"In 2014, US sales of conventional completes (fully-assembled deck, trucks, and wheel packages) for street and skatepark-riding were only just ahead of longboard completes for downhill and cruising," adds Borden.
Also, in 2014, Kamloops, Canada, debuted the world's first longboard track, a C$100,000 investment that created a 380-meter downhill path with 14 bends and hairpins for sliding and drifting.
How, When, and Where to Ride a Longboard
Longboard skateboards are the perfect sidewalk surfing equipment for beginners, intermediate, and advanced riders of all ages.
These long planks of wood provide a soft, cushioned ride and are incredibly forgiving in concrete, tarmac, and other smooth surfaces.
"The ideal location to ride a longboard is a long, winding path or open road with little to no car traffic - bike paths, beachfront boardwalks, and low-traffic roads," underlines Matt Berger.
The longboard is not the weapon of choice for areas with obstacles like curbs, vert ramps, and stairs. But they're built for rough terrains.
"Thanks to the big, bouncy wheels, longboard skateboards can roll right over rocks and twigs that would send a street deck rider flying through the air, so they're able to navigate more terrain."
On the other hand, the ultra-specific downhill longboard is built to bomb more or less steep hills and mountain roads at high speed.
Downhill decks can also be used for commuting and cruising around. And they're always fun to ride.
The longboard is a versatile skateboard and one of the most environmentally-friendly urban means of transportation.
More and more technical skaters include a longboard in their quivers.
It is also the go-to cross-training exercise for average and professional surfers and snowboarders.
Today, longboarding is more than a trend or movement - it's a well-established, growing skateboarding discipline.
"The realization that there were different types of skating that didn't involve ollies and ramps took me by surprise," longboarder Justin Metcalf once said.
"I got my first longboard, and I felt I was re-learning how to skate."
Deck, Wheels, and Trucks Dimensions
Classic longboards often feature seven to nine layers of 1/16-inch-thick hard maple veneer laminated to a form.
However, today, they can also be constructed from solid wood, bamboo, fiberglass, and other synthetic materials.
"When laminated from seven layers of maple veneer, the veneers are laminated with wood glue so that two layers have the grain running from side to side, and five layers have the grain running from end to end," explains Matt Berger, author of "The Handmade Skateboard."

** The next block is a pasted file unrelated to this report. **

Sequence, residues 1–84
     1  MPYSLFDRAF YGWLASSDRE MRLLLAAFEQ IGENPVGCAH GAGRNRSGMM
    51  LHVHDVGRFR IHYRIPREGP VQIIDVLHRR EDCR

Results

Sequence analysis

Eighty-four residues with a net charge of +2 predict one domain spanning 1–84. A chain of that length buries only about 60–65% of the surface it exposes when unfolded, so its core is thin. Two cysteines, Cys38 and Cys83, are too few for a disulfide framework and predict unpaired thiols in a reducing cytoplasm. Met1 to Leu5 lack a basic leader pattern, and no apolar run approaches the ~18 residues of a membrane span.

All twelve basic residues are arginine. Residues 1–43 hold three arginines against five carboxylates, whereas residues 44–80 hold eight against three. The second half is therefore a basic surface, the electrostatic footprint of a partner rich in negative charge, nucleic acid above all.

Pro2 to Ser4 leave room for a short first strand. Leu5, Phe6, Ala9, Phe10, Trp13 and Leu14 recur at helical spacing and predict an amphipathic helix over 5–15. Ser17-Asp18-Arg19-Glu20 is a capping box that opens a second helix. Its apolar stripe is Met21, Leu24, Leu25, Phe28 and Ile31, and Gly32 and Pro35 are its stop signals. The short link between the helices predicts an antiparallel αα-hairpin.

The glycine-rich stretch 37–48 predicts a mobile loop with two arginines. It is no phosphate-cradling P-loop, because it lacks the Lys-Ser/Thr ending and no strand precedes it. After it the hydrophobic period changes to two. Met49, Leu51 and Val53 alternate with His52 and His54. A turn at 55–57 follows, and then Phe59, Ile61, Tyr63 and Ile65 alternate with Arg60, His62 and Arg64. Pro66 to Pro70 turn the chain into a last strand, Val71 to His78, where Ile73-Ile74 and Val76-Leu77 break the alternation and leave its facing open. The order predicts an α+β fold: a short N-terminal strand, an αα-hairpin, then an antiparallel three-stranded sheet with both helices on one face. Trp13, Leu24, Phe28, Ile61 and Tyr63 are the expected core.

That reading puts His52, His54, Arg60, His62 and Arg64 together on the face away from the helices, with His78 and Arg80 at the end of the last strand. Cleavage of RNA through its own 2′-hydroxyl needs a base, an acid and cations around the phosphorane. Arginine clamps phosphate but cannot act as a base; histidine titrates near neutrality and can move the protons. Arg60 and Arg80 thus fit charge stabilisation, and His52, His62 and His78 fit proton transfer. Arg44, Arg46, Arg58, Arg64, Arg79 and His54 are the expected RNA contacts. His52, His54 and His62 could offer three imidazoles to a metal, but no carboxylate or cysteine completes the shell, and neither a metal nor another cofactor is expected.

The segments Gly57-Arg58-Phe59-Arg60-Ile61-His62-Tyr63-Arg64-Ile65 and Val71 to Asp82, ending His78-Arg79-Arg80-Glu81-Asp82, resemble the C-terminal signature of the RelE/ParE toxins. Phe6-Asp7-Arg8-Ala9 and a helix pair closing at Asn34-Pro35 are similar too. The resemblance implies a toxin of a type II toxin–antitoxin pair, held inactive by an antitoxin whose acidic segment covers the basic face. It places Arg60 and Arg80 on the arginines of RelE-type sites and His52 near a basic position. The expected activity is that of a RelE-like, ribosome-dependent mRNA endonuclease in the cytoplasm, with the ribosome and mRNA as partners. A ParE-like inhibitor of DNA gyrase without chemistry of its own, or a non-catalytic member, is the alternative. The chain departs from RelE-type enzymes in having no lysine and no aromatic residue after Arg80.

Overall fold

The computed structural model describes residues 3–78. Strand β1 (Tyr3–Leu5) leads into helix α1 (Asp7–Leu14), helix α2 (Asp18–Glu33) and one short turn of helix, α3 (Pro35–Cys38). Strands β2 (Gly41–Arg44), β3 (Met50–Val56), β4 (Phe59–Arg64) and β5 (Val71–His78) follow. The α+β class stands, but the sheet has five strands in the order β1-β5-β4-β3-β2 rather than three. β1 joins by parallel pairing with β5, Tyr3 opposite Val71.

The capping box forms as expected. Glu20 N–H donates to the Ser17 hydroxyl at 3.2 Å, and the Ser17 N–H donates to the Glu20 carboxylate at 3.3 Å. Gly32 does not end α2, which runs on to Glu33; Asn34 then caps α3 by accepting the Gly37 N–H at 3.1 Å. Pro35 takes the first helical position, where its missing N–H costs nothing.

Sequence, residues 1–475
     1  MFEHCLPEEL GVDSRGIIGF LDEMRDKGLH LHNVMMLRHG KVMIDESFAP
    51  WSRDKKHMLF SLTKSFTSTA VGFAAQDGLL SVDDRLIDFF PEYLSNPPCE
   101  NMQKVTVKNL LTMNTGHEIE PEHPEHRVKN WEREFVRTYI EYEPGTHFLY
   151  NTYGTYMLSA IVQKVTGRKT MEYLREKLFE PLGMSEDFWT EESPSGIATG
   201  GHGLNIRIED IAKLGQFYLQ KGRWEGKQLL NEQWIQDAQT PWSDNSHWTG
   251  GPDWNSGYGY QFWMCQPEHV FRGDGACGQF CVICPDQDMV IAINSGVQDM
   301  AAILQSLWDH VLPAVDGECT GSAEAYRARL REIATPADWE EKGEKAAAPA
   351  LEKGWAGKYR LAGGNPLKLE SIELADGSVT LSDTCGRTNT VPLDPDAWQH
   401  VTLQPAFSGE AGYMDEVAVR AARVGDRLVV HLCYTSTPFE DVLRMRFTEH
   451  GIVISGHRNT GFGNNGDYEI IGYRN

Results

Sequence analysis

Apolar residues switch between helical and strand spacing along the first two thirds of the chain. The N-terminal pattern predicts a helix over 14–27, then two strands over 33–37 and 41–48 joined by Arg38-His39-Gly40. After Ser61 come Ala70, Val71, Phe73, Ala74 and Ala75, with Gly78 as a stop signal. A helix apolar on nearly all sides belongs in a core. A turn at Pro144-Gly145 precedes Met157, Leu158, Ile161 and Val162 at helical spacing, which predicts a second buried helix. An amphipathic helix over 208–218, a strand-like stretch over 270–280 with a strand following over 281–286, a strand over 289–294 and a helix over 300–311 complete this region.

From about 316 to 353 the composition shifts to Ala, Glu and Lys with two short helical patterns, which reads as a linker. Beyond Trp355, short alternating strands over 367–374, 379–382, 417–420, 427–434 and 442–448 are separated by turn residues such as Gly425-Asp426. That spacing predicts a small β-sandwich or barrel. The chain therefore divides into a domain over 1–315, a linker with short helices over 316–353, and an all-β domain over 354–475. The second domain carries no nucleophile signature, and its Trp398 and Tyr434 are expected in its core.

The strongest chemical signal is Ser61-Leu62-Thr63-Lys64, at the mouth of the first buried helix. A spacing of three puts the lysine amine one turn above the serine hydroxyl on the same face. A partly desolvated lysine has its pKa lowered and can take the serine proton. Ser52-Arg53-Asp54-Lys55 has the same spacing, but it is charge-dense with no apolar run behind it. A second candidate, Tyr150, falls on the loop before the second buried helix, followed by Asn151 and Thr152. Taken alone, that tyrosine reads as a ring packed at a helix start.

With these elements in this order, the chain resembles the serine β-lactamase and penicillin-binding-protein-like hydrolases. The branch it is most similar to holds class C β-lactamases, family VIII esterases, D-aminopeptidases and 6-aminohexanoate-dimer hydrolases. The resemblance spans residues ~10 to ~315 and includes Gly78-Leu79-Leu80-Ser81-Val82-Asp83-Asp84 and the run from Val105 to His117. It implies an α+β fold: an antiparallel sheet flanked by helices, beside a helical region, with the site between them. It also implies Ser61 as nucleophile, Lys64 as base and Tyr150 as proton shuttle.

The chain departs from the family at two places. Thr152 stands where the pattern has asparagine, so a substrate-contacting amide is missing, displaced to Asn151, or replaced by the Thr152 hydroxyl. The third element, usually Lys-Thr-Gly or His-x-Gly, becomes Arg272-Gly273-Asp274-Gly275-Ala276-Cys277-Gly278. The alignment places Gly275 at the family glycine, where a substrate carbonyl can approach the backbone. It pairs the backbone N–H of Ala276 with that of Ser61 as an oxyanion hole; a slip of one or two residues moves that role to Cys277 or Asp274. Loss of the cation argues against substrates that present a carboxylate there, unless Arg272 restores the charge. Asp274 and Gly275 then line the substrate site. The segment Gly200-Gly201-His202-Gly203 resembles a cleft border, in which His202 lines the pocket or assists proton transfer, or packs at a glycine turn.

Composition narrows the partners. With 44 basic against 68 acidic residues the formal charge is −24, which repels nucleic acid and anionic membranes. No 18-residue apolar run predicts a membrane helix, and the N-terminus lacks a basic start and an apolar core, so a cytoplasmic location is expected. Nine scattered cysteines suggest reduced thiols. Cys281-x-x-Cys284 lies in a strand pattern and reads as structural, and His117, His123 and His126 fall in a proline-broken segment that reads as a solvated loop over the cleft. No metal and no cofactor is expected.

"To strengthen a longboard, manufacturers add two or more long-grain layers of maple veneer. The graphics on longboards also come in a wider variety, from heat-transferred graphics to decorative wood veneer."
A classic longboard ranges from 8 1/4 inches wide to 10 inches wide by 36 inches to as much as 50 inches long.
The wheel sizes range from 60 mm to 100 mm with a hardness of about 78a to 90a - the bigger and softer the wheel, the smoother and softer the ride.
A longboard usually comes with reverse kingpin trucks at around 8 1/2 inches and goes up to as wide as 10 inches.
A downhill longboard tends to be made from fiberglass, epoxy, and Kevlar, with all layers laminated against a mold.
It ranges from 8 1/14 inches to 10 inches wide by 36 inches to 44 inches long.
The wheel sizes range from 60 mm to 75 mm with a hardness of about 78a to 88a, and the reverse kingpin trucks go from 180 mm to 210 mm.
Shape and Design
Longboard skateboards come in different shapes, display multiple templates, provide skaters with more surface for their feet, and shift their weight.
The most common model is the classic pintail, a surfboard-shaped longboard that leads with a soft round nose, widens at the center, and then tapers into a tail.
"These decks often have a concave curve across the width; some have a slight upward curve from nose to tail known as camber," underlines Berger.
"Kicktails are optional, and few feature a kick in the nose."
"Because the trucks and wheels are big and tall, a longboard deck often has fenders that prevent the wheels from making contact with the deck when leaning into a turn."
There are several commercially available longboard shapes - fishtail, hybrid, cruiser - but they're mostly versions of the original, timeless model.
Downhill longboards are slightly different, and they are built to offer stability, speed, total control, and optimal handling.
Their large and low profile require cutaway fenders to provide clearance for the wheels when performing sharp turns.
The deck's contour ranges from nearly flat to slightly concave to a drop-through style, which features an extreme bend and a special truck mount.